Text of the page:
1. Most cases involve leaks. People complain (as I did) but then never report the result. (So I am doing so).
2. They agree that major leaks don't go away, but valves can get sediment and toilet floats get dirty, that can cause intermittent loss. In my case they did find one toilet stopper weeping slightly.
3. They offer a brochure and dye tablets to do the tests, but you can also use food dye, put some in the tank, wait 5-10 minutes, if the color appears in the bowl then you have a leak.
4. The meters are mechanical and the dials are driven by flow. The readers are electronic but they just read the mechanical value.
5. As Marco points out, they want to know if you have a problem. Call them at 845-5600 if you have an issue.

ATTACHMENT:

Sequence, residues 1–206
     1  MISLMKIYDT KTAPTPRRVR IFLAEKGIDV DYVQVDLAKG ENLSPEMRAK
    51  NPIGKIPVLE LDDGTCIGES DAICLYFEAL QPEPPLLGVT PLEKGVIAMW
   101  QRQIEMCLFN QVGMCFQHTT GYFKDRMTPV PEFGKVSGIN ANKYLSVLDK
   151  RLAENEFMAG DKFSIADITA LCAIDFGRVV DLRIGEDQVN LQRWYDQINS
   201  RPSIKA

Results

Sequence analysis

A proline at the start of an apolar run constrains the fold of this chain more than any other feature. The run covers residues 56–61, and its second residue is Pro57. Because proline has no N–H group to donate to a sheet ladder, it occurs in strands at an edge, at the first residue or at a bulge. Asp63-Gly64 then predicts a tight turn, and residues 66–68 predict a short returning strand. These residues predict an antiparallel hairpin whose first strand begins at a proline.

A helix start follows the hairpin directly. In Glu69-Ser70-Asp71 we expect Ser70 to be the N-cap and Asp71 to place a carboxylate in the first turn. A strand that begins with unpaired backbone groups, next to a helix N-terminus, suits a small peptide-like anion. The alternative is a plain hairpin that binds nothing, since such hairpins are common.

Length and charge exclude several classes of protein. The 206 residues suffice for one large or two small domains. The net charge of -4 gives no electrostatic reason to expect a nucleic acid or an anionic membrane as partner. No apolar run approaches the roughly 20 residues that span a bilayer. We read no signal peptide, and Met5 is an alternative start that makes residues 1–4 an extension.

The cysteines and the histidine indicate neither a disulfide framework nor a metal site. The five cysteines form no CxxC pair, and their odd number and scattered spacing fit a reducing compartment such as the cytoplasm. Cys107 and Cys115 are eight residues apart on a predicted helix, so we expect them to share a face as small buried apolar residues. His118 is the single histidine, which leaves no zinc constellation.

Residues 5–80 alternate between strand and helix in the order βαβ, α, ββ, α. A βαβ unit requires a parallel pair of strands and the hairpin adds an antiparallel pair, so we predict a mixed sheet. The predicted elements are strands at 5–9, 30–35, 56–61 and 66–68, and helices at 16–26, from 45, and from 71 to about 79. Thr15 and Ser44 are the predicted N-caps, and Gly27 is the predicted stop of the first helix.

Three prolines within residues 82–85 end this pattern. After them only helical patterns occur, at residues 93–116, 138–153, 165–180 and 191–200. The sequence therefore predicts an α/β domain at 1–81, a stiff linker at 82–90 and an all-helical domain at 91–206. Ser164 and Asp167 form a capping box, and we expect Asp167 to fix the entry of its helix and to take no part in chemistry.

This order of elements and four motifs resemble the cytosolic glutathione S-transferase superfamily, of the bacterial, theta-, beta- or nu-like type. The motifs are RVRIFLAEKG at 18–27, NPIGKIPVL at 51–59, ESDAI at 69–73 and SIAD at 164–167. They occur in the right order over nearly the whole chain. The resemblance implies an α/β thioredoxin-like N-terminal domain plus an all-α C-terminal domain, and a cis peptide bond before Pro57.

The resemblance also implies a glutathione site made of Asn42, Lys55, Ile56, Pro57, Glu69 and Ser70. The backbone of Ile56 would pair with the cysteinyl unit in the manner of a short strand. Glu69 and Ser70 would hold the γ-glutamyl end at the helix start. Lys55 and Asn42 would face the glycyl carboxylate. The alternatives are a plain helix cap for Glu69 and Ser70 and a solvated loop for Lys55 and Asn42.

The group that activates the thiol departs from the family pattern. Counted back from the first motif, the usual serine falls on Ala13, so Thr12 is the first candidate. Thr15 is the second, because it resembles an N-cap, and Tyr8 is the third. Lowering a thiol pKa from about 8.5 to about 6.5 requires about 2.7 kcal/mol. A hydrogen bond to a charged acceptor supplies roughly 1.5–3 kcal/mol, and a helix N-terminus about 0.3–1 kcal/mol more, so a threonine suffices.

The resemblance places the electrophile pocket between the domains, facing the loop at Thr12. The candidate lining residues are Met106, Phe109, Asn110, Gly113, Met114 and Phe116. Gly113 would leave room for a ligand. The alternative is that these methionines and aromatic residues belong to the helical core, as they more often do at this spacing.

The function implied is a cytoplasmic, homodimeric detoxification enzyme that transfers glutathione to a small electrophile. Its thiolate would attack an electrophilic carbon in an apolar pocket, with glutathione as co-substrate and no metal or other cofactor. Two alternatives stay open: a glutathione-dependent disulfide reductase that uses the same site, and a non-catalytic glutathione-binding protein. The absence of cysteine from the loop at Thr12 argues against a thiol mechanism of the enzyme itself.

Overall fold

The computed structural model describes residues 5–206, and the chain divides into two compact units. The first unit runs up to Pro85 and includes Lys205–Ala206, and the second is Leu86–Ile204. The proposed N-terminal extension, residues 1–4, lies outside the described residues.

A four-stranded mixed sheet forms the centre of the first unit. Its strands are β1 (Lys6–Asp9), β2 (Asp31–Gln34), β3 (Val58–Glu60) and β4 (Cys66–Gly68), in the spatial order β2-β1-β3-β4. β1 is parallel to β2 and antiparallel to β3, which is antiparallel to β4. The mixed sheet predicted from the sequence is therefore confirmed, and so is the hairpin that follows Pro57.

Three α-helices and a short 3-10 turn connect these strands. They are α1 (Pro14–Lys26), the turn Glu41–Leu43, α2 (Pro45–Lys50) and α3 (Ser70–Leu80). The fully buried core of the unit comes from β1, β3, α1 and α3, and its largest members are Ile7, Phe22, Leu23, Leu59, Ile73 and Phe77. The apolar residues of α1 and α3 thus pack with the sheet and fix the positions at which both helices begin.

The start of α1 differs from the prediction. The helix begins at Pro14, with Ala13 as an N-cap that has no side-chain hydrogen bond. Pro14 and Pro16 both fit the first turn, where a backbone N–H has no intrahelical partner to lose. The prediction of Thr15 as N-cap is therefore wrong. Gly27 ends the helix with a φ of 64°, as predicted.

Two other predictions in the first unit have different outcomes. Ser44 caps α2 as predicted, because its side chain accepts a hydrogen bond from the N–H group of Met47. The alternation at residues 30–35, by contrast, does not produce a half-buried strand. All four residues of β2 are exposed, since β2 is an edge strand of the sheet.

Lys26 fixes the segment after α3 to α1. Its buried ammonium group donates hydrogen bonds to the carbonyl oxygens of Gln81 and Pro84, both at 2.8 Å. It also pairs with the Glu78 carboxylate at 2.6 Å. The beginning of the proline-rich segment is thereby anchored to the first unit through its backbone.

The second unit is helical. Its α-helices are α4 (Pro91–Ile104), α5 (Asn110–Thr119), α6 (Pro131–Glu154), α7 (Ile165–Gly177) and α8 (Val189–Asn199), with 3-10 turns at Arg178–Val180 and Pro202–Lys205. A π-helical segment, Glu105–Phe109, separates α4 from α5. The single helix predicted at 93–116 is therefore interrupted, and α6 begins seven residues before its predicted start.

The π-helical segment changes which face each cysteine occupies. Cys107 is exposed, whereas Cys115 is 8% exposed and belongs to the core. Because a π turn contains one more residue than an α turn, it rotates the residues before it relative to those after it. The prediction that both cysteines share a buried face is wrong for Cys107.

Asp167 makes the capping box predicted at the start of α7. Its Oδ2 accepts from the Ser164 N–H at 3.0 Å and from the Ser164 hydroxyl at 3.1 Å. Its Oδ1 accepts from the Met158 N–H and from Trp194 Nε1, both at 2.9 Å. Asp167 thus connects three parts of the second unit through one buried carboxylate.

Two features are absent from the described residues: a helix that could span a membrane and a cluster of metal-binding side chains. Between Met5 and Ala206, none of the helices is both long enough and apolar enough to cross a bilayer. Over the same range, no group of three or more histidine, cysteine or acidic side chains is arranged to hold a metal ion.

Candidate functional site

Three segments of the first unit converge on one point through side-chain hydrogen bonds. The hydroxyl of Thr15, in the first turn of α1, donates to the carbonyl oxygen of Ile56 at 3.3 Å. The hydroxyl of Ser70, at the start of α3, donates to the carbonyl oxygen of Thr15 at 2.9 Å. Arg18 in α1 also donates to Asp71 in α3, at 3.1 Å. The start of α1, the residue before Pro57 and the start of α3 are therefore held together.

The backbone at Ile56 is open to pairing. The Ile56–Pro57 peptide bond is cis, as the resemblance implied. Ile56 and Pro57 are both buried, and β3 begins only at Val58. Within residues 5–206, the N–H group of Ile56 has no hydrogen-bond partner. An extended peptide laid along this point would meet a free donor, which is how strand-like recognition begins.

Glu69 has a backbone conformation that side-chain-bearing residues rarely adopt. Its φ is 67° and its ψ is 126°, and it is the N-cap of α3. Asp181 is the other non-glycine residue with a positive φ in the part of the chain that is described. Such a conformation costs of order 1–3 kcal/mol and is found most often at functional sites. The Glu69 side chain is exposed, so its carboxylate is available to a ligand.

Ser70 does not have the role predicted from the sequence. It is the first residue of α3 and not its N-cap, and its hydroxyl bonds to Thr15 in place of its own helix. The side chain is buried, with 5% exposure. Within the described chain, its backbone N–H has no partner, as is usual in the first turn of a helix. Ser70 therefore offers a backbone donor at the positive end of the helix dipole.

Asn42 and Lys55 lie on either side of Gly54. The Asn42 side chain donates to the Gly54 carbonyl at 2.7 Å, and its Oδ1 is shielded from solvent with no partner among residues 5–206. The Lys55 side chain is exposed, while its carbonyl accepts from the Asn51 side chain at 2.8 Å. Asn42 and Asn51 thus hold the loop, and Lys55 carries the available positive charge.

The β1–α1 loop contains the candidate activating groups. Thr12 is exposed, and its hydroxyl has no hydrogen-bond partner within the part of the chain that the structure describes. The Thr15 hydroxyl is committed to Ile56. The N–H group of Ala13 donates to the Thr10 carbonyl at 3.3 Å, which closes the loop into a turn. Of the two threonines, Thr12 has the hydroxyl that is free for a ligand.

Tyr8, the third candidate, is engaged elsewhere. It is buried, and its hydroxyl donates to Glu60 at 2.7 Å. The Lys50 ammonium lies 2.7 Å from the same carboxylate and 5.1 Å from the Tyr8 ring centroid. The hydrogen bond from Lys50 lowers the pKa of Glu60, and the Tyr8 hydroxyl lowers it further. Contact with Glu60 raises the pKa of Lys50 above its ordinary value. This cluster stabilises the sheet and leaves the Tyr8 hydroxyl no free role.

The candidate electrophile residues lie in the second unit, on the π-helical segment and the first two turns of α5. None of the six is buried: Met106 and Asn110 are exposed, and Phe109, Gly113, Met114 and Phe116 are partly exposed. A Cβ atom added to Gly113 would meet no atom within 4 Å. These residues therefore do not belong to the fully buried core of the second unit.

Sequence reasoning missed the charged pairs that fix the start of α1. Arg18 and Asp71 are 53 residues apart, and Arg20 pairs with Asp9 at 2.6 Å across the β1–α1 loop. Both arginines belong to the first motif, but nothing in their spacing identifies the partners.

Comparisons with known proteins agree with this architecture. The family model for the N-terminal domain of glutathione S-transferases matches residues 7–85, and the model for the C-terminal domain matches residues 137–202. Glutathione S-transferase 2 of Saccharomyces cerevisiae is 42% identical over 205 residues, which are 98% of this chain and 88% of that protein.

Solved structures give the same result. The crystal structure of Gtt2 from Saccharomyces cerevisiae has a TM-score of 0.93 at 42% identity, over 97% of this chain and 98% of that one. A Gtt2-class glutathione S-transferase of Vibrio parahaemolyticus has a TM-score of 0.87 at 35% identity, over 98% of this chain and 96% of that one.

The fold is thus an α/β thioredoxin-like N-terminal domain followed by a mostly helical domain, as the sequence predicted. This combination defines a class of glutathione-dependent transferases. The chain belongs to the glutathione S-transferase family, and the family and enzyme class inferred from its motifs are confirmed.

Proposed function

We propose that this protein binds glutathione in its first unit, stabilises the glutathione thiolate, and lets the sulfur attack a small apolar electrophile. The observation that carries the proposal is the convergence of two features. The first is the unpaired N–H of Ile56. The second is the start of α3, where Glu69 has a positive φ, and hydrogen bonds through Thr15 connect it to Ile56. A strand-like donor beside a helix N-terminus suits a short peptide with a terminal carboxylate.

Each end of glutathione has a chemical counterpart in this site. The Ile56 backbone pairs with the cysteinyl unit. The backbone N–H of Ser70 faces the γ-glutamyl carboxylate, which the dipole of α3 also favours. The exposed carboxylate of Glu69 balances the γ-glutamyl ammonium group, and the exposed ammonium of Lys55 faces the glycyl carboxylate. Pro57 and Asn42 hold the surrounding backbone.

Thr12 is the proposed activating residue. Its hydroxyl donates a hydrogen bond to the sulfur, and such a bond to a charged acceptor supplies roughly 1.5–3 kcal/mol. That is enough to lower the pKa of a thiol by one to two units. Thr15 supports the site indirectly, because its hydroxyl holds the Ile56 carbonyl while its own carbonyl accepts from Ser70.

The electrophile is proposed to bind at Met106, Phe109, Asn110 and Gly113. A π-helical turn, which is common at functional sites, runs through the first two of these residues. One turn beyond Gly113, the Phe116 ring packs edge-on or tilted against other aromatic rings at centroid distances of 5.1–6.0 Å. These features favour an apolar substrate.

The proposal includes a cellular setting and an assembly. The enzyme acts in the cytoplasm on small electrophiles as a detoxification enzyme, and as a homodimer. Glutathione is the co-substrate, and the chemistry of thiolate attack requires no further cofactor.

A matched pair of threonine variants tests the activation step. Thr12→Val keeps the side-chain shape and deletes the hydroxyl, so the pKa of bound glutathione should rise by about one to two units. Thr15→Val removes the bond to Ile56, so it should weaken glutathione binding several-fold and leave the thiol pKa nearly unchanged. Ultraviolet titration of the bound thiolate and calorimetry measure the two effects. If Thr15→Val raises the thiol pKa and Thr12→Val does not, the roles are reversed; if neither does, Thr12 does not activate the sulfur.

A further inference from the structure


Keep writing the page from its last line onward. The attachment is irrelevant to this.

So the spike is a mystery, but it is what it is.
So the only answer is pay attention. My usage projects normal gain with five days left to the billing cycle.
You can check your own usage and project your bill by using this calculator. You can download it (a spreadsheet) here. Do so and check it out daily.
All the necessarily politically correct caveats apply, use at your own risk, I've done the best I could, hey I'm just trying to help. If you don't like it don't use it. And it may be wrong:
- Enter the data from your last bill in the first set of pale yellow shaded cells
- Read your meter and enter the date, time, and meter reading in the second set of pale yellow shaded cells
- Enter Y or N in the pale yellow shaded cell under Residential (Y/N)
- Enter the expected date of your next bill in the next pale yellow shaded cell under Date
- The results are printed in blue.
- Pay attention if the number in the bottom right corner is too big! :-)